Shortbread, etc.

Inspired by a trip to Penzeys yesterday, I made lavender shortbread tonight. I modified a Smitten Kitchen recipe, mainly just by adding the lavender. Although I apparently wasn’t paying close enough attention because when I got to the “put dough in pan” step, I thought, “Huh. This is a really wet dough.” Upon rechecking the recipe, I realized I had doubled the butter by mistake. So I doubled the rest of the recipe and added a tablespoon of lavender.

Blog author’s past, singular, experience of lavender shortbread here. Please note that I was a thin, crisp iteration of shortbread, with a delicate, dare I say, teasing aroma of lavender.

So I got to the dough-in-pan step again. And I tasted the dough. Which tasted at first like a sweet, strong lavender and then punched me in the mouth with camphor. Blech. In an effort to be thrifty with my butter though, I looked for salvation. Yes, I doubled the recipe again and added the new batch to to lavender-toxic batch. Luckily, that brought the lavender down to non-hazardous levels. For anyone keeping track at home, I now have a quadrupled shortbread in the works.

Is there anything wrong with baking an enter cookie sheet of lavender? I don’t mean I had enough pieces to fill a cookie sheet for baking, I mean the pan was spread edge to edge with shortbread dough.

Me again. Is shortbread a dough or a batter? And should it be over an inch thick on the pan?

I baked the entire thing for 45 minutes, then cut it up into pieces to bake for an additional 15 minutes. The flavor is good, but I’m thinking I need to work on my shortbread wrangling if I’m going to produce something more attractive than this:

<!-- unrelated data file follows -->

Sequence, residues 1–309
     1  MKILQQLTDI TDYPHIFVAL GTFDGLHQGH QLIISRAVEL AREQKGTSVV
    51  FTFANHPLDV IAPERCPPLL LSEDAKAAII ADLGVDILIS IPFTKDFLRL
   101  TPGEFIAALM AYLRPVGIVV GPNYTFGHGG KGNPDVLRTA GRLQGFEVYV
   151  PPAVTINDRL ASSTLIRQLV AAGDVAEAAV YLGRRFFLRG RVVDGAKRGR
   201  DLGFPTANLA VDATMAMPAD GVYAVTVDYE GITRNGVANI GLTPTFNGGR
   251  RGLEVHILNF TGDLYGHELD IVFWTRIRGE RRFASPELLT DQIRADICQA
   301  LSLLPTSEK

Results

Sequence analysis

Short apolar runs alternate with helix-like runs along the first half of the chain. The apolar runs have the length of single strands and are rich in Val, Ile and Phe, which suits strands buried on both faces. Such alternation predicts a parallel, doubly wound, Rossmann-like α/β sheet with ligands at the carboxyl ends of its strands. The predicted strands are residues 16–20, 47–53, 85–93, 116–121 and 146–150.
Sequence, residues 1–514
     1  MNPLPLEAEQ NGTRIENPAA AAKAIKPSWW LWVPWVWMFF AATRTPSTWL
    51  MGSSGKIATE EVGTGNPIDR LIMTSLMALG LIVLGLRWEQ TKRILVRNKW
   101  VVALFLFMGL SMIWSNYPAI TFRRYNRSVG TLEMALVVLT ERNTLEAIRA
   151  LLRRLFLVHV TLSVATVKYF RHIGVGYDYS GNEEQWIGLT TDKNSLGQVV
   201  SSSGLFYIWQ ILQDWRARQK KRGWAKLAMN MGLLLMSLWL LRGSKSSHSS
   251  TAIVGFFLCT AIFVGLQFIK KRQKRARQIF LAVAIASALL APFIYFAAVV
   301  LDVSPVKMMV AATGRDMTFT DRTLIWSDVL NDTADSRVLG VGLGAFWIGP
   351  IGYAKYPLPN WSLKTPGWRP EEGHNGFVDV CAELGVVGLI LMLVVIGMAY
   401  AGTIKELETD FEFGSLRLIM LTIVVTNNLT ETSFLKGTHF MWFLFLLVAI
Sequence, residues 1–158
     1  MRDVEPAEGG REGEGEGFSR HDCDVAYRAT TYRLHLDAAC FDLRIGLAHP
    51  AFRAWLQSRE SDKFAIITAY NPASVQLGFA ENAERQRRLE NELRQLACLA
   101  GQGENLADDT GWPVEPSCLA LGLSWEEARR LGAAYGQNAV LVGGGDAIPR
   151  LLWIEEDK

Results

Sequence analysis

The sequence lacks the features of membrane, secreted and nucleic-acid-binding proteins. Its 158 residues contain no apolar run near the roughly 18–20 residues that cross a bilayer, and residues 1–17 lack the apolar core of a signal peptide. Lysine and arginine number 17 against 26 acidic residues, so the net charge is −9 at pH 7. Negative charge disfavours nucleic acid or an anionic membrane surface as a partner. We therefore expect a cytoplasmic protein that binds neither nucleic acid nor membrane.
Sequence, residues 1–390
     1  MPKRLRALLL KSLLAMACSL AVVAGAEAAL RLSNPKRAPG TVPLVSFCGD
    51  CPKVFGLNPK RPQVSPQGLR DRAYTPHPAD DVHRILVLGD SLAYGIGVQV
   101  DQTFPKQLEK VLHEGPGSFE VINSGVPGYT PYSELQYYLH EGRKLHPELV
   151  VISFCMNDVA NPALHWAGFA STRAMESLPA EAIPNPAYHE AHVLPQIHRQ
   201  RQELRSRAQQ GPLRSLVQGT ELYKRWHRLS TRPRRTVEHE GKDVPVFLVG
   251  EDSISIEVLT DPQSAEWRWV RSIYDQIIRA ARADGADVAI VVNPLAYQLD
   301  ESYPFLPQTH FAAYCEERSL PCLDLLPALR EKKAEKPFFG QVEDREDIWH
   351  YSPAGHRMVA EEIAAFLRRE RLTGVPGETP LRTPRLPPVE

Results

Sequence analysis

Image

Why yes, I did enjoy a piece.

As you can see, it’s not the prettiest looking cookie. But the taste is good, which is nice, since I’ll be eating it for about a month. It has a fine crumb, but the appropriately dense, flaky texture I fancy in a shortbread.

I can safely rest on my pedestal. Those lumps didn’t stand a chance of touching me.

I’m also thinking these would do very well in a gluten-free recipe. There’s no rising and you need about a metric ton of butter, meaning some of the less desirable flavors associated with the many forms of GF flour should be masked. The plain shortbread recipe is also very easy to tweak, just maybe start with less than a tablespoon of another flavor.

I made a few other goodies today: pretzels(a fav for Himself and I), kale with apricots, and a potentially/truly bad fudge. I had some coconut milk that had been sitting in the fridge for a little too long, so I found a coconut milk fudge recipe. Lacking condensed milk, I used cream, agave nectar and peanut butter, then thought it wasn’t very sweet, so I poured salted caramel on top. And I may have burned the caramel.

All of these details and information are (I’m now realizing) a long-winded way of saying some days in the kitchen are more adventurous than others. I hadn’t spent a solid afternoon/evening cooking or baking in a while, since the rental house kitchen is teeny. But I was in need of the kind of therapy that produces a minor backache and week’s worth of food/month’s worth of shortbread. I got my therapy, we got a good dinner, and hopefully I won’t poison us with that fudge.

Last thing: My all-time favorite cookbook is Appetite, by Nigel Slater. He’s a wonderfully British home cook who has an amazing voice for food and cooking. He’s so encouraging that reading his recipes are like having your kindergarten teacher showing you how to cook, as in you can do no wrong and will almost certainly receive a gold star, even if you make something inedible, because hey, we’re learning, right? He is a cook clearly familiar with adventurous (read: unsuccessful) cooking days and pushes the reader to have them too. Ultimately, if you make bad food, you can probably get takeout or make a peanut butter sandwich. Therefore, take chances and have fun. This concept is not rocket surgery. But it’s very comforting.

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